“We are standing at an inflection point in world history,” the US leader told more than 120 heads of state who had gathered, calling Glasgow the “kick-off” for a decade of ambition.
“None of us can escape the worst yet to come if we fail to seize this moment,” he said, noting that only a “brief window” of time remains.
“This is the decade that will determine the answer. This decade,” he said.
The aim of Cop26 is not to produce a major new agreement but rather it is the moment when the rubber hits the road on the Paris Agreement. Under the 2015 deal, countries committed to return after five years to pledge greater emission-reduction targets.
Scientists warn that global temperature rise must be kept to an increasingly ambitious 1.5C above pre-industrial times by 2100, or “well below” 2C to prevent even more extreme impacts. Currently, the world has heated about 1.1C.
Mr Biden addressed a largely empty room where numbers of attendees were limited. World leaders were asked by Cop26 President Alok Sharma to limit their speeches to three minutes but Mr Biden spoke for more than 10.
“To state the obvious, we meet with the eyes of history upon us and a profound question before us. It’s simple: Will we act? Will we do what is necessary? Will we seize the enormous opportunity before us? Or will we condemn future generations to suffer,” Mr Biden said.
His remarks came as the US formally unveiled its long-term strategy to tackle the climate crisis including its goal of net-zero greenhouse gas emissions by no later than 2050.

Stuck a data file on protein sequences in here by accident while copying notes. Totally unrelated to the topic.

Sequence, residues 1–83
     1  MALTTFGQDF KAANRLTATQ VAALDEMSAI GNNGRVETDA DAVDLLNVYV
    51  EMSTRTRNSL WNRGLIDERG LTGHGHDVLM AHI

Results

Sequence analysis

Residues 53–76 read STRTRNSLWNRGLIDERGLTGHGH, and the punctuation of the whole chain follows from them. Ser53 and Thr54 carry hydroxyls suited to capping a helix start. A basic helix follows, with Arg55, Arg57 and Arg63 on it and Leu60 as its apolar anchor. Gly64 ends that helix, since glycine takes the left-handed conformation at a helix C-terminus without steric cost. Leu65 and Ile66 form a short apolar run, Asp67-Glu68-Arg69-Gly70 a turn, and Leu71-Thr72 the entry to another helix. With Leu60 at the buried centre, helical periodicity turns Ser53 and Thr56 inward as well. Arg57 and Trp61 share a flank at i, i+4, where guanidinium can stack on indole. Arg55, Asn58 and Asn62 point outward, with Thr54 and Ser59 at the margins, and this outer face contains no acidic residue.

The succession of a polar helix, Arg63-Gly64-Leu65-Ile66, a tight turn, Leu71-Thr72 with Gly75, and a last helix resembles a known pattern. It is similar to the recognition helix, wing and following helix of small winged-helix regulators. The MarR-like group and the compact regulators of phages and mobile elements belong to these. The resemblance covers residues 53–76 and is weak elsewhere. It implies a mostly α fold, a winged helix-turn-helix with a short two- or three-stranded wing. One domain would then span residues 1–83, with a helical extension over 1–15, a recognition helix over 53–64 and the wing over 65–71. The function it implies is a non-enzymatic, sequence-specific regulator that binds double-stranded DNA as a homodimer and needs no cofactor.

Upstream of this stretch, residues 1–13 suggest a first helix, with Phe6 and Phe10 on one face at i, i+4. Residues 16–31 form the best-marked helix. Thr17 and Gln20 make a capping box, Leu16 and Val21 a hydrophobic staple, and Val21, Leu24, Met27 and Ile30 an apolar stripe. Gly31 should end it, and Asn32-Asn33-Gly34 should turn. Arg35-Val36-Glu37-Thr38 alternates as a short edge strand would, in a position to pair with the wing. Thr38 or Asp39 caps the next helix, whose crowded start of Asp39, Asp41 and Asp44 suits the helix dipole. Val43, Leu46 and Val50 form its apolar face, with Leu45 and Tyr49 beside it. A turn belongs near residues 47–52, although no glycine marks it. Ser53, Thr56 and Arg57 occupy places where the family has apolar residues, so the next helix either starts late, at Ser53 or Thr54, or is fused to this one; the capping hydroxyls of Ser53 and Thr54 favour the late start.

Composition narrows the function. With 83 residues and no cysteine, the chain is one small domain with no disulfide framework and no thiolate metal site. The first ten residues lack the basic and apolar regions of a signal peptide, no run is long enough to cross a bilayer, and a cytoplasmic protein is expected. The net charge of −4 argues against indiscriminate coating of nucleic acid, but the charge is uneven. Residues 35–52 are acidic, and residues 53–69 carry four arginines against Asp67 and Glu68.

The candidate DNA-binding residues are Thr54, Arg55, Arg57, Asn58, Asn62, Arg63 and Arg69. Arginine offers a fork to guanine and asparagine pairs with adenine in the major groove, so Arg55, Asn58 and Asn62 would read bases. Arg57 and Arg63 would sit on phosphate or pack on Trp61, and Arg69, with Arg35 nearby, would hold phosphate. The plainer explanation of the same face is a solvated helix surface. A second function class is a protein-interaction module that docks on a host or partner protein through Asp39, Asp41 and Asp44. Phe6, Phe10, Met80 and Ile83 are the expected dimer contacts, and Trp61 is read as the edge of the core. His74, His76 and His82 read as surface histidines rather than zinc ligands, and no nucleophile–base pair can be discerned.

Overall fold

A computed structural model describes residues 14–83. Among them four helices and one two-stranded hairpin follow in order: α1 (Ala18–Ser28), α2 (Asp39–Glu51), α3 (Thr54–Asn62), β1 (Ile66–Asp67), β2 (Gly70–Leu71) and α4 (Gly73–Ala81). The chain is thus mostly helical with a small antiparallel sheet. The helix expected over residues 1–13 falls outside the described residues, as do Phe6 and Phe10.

The new initiative also chimes with a central goal of Cop26 - figuring out ways to adapt to worsening climate impacts along with turning the tide on emissions.
The US’s PREPARE plan will plow more money than ever before into adaption - $3 billion a year by 2024, the White House said on Monday.
Mr Biden said that the climate crisis was no longer a “hypothetical threat” but one that had gripped America, along with every other region, and was “ravaging the world” with droughts, crop failures, heatwaves and “once-in-a-century storms that come every few years”.
“It’s costing our nations trillions of dollars,” he noted. He also leant on a refrain that will be familiar to American voters: that, for Mr Biden, “climate change is about jobs”.
His speech referred to his Build Back Better plan – which has taken a hammering by members of his own party – but looks likely to be voted on in Congress this week. He called the framework “the most significant plan to deal with emissions of any advanced nation ever”.
He addressed current high energy prices, saying it underlined the need to “diversify energy”. He said that in the US, his plan would provide tax credits for solar panels, weatherising homes, and electric vehicles, while part of upgrading US infrastructure would be building massive wind turbines offshore.
The US must do more to help developing countries adapt for climate challenges and take advantage of the clean energy transition, Mr Biden added.
“Every day we delay the cost of inaction increases,” the president said. “We can do this. We just have to make the choice to do it. So let’s get to work.”
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